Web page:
- A “visual novel” is an interactive fiction game, featuring mostly static graphics, most often using anime-style art or occasionally live-action stills (and sometimes video footage). As the name might suggest, they resemble mixed-media novels. In Japanese terminology, a distinction is often made between visual novels proper (abbreviated NVL), which consist predominantly of narration and have very few interactive elements, and adventure games (abbreviated AVG or ADV), which may incorporate problem-solving and other types of gameplay… Non-linear branching storylines are a common trend in visual novels…”
- Interactive novels “offer readers another unique way to read fiction by choosing a page, a character, or a direction. By following hyperlinked phrases within the novel, readers can find new ways to understand characters. There is no wrong way to read a hypertext interactive novel. Links embedded within the pages are meant to be taken at a reader’s discretion – to allow the reader a choice in the novel’s world.”
- Interactive storytelling “is a form of digital entertainment in which users create or influence a dramatic storyline through actions, either by issuing commands to the story’s protagonist, or acting as a general director of events in the narrative. Interactive storytelling is a medium where the narrative, and its evolution, can be influenced in real-time by a user. Unlike interactive fiction, there is an open debate about nature of the relationship between interactive storytelling with computer games. Game designer Chris Crawford states that “Interactive storytelling systems are not “Games with Stories”.”
- These seem to be contested terms. The article for “interactive fiction” says that the term mainly refers to text-based forms, but acknowledges that visual novels are described as interactive fiction as well.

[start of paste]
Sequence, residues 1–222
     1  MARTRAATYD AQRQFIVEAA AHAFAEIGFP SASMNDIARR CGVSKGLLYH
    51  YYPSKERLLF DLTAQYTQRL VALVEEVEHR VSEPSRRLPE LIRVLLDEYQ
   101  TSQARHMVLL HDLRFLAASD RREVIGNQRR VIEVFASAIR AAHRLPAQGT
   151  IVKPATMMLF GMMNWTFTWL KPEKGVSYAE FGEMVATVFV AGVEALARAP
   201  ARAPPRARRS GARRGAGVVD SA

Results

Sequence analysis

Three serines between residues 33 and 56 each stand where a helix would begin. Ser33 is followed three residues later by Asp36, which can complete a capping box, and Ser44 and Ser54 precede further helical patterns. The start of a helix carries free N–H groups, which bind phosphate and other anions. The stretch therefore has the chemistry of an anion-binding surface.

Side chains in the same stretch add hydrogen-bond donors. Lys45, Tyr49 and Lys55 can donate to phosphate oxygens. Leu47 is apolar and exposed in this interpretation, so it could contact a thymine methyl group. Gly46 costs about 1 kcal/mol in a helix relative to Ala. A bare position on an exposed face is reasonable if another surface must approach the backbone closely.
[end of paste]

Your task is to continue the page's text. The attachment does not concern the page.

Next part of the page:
- Interesting that in both the case of interactive fiction and visual novels, a distinction has emerged between those which focus on problem-solving/puzzles and those which focus on the narrative.
- Gone Home was mentioned, presumably as an example, in the article for interactive storytelling — but as I wrote in my last post, one brilliant aspect of Gone Home is that you have control over the plot, not the story. This is a stark contrast to “creat[ing] or influenc[ing] a dramatic storyline.”
Further reading: There is a wiki dedicated to tracing the connections between technical implementation of interactive storytelling and narrative theories. On the theory side, I see a lot of names I recognize — Aristotle, Todorov, Propp, Barthes, Genette, Campbell — but many I don’t. Bremond? Boal? The reading list grows.
In his article about why games aren’t art, Roger Ebert observed that you don’t win art. Games are something you compete in, solve, or win, and art is something you let happen to you, that transports you.
A few days ago, I played Gone Home, a game that you don’t win. Maybe, as such, it isn’t accurate to call it a game—maybe “interactive narrative experience” or something like that. Vocabulary aside, it felt like the way forward for a community of storytellers trying to figure out the most effective way to use new technical affordances to tell engaging stories. Continue reading “Gone Home is a departure”
Questions to ask yourself as you consider interactivity in storytelling